As Gilbert hinted in De Magnete (and expanded upon in De Mundo), he believed that animate forces of all the celestial bodies “conspired” dynamically to produce the regular but non-circular celestial motions. This first Copernican physics, elaborated in the final book of De Magnete and in De Mundo, was, of course, superseded some 80 years later by Newton’s work on gravitation. The grand aim of De Magnete – to take magnetism beyond the simple use of the compass to find north – was not as successful as Gilbert and Wright had hoped. His magnetic cosmology was also soon superseded. However, we do not believe that Gilbert’s contributions to navigation and to cosmology should simply be discounted. Gilbert’s magnetic Earth is the foundation of geomagnetism. He showed experimentally that magnetism involves a force at a distance, which encouraged other astronomers and physicists like Johann Kepler, Robert Hooke, Christopher Wren – and possibly Newton himself – to think of universal gravitation as analogous to magnetism.
Suppose, however, that we do discount the two grand aims of De Magnete and also ignore the chapters on navigation, practical instruments and on mathematical constructions, which might have been the work of his collaborator Edward Wright. Even then, in our view, the core that remains still stands as the first great work of experimental physics.
Consider the achievements that can undoubtedly be attributed to Gilbert at a time when the only magnetic materials known were lodestone (magnetite), iron and steel, and when the whole framework of modern science was still to be invented. The most famous, and rightly so, is his demonstration in De Magnete that the Earth is a great magnet. He showed this by means of what we would now call model experiments, including those on dip mentioned above, in which he showed that the behaviour of the versorium and terrella simulate that of the compass needle and the Earth.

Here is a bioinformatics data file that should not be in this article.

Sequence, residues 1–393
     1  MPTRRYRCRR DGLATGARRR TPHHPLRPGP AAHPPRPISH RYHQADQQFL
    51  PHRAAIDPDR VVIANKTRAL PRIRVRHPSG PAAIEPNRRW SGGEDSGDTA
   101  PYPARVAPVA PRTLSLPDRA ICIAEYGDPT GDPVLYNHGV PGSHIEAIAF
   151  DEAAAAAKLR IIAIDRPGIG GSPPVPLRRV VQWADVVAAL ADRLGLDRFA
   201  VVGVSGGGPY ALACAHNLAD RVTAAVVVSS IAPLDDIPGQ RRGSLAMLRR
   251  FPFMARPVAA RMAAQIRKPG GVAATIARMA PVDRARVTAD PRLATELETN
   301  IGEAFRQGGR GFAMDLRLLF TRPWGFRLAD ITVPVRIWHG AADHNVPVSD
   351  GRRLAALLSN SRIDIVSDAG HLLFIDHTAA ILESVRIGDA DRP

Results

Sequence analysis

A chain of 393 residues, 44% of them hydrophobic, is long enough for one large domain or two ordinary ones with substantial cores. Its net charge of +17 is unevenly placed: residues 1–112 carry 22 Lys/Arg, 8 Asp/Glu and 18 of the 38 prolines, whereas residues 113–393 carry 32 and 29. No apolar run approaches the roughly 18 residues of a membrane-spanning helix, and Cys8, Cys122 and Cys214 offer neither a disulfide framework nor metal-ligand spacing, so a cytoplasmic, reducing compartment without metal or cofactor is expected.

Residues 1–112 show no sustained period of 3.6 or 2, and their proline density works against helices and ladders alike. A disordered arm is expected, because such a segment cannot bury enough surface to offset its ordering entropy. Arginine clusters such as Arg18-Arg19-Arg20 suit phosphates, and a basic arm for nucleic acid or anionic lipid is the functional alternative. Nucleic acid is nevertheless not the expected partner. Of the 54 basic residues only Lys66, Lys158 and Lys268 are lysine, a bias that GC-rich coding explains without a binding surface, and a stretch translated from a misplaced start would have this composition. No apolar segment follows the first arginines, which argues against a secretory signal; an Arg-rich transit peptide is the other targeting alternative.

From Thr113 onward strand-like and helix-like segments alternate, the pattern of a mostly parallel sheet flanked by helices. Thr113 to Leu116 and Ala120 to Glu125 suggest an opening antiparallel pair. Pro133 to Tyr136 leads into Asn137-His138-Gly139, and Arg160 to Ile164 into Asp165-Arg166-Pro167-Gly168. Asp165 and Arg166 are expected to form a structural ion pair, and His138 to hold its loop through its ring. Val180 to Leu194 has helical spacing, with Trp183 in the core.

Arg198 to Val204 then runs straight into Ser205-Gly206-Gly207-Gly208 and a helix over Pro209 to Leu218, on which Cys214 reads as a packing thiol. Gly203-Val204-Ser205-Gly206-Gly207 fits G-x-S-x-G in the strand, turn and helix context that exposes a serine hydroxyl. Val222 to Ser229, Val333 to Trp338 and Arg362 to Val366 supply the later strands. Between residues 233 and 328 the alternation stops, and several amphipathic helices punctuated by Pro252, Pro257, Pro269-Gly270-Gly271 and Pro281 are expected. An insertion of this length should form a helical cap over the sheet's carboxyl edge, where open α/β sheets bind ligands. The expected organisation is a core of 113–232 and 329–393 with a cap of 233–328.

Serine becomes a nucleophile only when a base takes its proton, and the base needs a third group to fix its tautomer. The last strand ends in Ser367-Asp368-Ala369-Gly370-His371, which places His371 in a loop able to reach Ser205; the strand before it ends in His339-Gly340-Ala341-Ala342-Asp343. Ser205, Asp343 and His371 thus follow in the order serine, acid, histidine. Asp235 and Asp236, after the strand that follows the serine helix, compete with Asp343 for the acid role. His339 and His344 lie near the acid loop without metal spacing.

Meanwhile, Gilbert’s qualitative discussion of magnetostatics is just about complete and carefully based in experiment. The direction of the internal field, the polarity of a cut magnet, as well as the processes of magnetization and demagnetization are all explored in detail. In chapter 11 of book 5, for example, Gilbert even comes close to the idea of a magnetic field and makes a very good shot at describing the dipolar field of the terrella. What is lacking is any attempt at the difficult problem of quantifying magnetic attractions beyond his comparisons of “weak” and “strong” lodestones.
The interaction between temperature and magnetism also receives penetrating and accurate discussion in several sections. The final main achievement is the account of electrostatics in a chapter of book 2 entitled “Of the attraction exerted by amber”. This appears partly to distinguish electric from magnetic effects, and establishes the very large number of “electrics”. Although Gilbert made no distinction between positive and negative charges – this would take another 150 years – this single chapter is still enough to have won him the title of “father of electrical science”.